This example illustrates how you can construct a bootstrap confidence interval by using the multiple responses feature in PROC TPSPLINE.
Numerous epidemiological observations have indicated that exposure to solar radiation is an important factor in the etiology of melanoma. The following data present age-adjusted melanoma incidences for 37 years from the Connecticut Tumor Registry (Houghton, Flannery, and Viola, 1980). The data are analyzed by Ramsay and Silverman (1997).
data melanoma; input year incidences @@; datalines; 1936 0.9 1937 0.8 1938 0.8 1939 1.3 1940 1.4 1941 1.2 1942 1.7 1943 1.8 1944 1.6 1945 1.5 1946 1.5 1947 2.0 1948 2.5 1949 2.7 1950 2.9 1951 2.5 1952 3.1 1953 2.4 1954 2.2 1955 2.9 1956 2.5 1957 2.6 1958 3.2 1959 3.8 1960 4.2 1961 3.9 1962 3.7 1963 3.3 1964 3.7 1965 3.9 1966 4.1 1967 3.8 1968 4.7 1969 4.4 1970 4.8 1971 4.8 1972 4.8 ;
The variable incidences
records the number of melanoma cases per people for the years 1936 to 1972. The following model fits the data and requests a 90% Bayesian confidence interval along
with the estimate:
ods graphics on; proc tpspline data=melanoma plots(only)=(criterionplot fitplot(clm)); model incidences = (year) /alpha = 0.1; output out = result pred uclm lclm; run;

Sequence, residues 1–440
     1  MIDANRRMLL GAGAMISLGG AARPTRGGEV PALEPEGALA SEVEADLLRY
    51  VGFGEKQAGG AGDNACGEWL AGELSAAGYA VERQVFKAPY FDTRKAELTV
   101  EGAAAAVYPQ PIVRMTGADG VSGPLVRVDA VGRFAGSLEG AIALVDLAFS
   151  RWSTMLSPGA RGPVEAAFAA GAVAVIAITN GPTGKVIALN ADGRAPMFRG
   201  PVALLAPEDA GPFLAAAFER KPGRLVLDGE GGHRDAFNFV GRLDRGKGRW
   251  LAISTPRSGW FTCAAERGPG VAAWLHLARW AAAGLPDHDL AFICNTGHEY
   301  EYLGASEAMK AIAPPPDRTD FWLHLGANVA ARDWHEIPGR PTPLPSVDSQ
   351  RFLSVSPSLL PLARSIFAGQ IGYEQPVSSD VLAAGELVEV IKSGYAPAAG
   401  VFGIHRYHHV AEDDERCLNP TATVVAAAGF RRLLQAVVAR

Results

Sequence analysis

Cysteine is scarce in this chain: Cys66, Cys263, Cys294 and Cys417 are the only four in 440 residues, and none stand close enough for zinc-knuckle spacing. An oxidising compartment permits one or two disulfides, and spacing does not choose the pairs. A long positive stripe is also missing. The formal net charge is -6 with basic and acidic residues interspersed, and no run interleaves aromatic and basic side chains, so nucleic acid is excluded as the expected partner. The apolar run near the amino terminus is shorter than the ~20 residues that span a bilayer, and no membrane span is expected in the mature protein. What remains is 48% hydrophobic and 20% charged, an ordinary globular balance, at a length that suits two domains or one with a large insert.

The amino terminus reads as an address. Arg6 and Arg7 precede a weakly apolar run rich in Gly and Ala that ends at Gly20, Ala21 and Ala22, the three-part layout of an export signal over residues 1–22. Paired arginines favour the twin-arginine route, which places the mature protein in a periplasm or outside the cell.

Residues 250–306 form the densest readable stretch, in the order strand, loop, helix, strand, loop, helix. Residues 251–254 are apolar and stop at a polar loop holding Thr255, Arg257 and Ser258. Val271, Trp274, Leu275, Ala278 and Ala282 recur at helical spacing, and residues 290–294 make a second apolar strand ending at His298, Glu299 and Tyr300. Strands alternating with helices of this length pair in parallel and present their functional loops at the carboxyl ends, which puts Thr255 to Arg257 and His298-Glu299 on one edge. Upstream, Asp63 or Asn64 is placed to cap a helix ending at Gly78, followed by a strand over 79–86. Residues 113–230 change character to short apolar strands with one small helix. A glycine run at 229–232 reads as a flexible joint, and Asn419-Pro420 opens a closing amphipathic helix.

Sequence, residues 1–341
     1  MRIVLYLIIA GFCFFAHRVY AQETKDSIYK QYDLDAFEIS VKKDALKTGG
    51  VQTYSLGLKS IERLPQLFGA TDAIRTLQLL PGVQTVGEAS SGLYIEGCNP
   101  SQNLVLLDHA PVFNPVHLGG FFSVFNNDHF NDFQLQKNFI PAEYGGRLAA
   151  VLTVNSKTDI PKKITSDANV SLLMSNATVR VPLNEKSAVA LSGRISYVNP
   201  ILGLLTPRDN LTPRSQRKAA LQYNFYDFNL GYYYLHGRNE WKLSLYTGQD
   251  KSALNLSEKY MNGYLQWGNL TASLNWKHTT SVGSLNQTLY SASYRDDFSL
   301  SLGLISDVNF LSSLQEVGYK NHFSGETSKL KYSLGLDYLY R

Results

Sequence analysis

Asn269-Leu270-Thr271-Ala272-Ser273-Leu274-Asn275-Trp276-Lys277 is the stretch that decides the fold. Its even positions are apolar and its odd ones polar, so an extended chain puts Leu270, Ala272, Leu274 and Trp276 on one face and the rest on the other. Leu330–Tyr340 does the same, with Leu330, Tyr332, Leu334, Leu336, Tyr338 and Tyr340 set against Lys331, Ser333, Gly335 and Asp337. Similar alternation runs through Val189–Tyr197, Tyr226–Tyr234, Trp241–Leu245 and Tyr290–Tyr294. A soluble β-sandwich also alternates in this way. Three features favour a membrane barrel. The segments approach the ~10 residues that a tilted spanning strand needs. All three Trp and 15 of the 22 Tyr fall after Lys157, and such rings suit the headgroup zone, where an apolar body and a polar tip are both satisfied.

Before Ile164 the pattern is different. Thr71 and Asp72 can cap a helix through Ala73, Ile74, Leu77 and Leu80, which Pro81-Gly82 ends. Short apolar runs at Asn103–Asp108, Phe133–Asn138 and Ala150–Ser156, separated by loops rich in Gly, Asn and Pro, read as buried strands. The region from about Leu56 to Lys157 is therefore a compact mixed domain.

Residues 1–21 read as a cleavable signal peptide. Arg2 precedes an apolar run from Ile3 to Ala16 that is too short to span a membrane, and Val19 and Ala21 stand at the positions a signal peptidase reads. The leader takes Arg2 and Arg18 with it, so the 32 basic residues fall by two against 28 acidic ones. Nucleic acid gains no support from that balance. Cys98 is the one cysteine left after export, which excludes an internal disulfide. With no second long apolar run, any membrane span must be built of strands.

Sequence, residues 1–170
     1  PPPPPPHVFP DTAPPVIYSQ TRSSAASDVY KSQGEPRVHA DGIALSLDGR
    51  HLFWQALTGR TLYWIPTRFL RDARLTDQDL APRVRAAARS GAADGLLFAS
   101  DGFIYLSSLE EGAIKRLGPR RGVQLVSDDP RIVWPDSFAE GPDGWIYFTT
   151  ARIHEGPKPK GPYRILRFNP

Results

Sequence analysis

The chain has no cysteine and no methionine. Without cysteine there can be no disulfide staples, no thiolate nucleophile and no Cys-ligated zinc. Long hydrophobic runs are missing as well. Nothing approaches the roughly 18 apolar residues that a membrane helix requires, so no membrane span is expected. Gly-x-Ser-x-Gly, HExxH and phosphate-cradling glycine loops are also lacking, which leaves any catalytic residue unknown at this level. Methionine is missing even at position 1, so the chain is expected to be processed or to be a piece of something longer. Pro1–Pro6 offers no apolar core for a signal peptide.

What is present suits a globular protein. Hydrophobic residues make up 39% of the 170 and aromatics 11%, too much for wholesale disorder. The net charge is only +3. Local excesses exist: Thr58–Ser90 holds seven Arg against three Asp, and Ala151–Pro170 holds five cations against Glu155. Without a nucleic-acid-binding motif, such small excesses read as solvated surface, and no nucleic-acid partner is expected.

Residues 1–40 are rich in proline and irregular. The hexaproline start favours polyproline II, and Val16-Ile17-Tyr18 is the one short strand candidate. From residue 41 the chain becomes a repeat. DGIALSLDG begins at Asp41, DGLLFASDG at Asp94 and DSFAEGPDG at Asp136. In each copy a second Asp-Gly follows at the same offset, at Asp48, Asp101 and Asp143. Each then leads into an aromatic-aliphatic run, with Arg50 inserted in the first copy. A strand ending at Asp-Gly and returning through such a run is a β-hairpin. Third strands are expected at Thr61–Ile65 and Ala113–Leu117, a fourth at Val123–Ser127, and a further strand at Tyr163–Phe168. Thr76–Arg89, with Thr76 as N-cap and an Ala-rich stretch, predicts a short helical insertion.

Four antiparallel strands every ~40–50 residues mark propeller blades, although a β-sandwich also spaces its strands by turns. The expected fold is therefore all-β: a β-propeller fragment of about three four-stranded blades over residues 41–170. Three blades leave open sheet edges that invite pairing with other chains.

The output is displayed in Output 100.5.1
Output 100.5.1: Output from PROC TPSPLINE for the MELANOMA Data
Comparison of Two Estimates |
with and without the D= Option |
Summary of Input Data Set | |
---|---|
Number of Non-Missing Observations | 37 |
Number of Missing Observations | 0 |
Unique Smoothing Design Points | 37 |
Summary of Final Model | |
---|---|
Number of Regression Variables | 0 |
Number of Smoothing Variables | 1 |
Order of Derivative in the Penalty | 2 |
Dimension of Polynomial Space | 2 |
Summary Statistics of Final Estimation | |
---|---|
log10(n*Lambda) | -0.0607 |
Smoothing Penalty | 0.5171 |
Residual SS | 1.2243 |
Tr(I-A) | 22.5852 |
Model DF | 14.4148 |
Standard Deviation | 0.2328 |
GCV | 0.0888 |
The estimated curve is displayed with 90% confidence interval bands in Output 100.5.2. The number of melanoma incidences exhibits a periodic pattern and increases over the years. The periodic pattern is related to sunspot activity and the accompanying fluctuations in solar radiation.
Wang and Wahba (1995) compare several bootstrap confidence intervals to Bayesian confidence intervals for smoothing splines. Both bootstrap and Bayesian confidence intervals are across-the-curve intervals, not pointwise intervals. They concluded that bootstrap confidence intervals work as well as Bayesian intervals concerning average coverage probability. Additionally, bootstrap confidence intervals appear to be better for small sample sizes. Based on their simulation, the “percentile-t interval” bootstrap interval performs better than the other types of bootstrap intervals.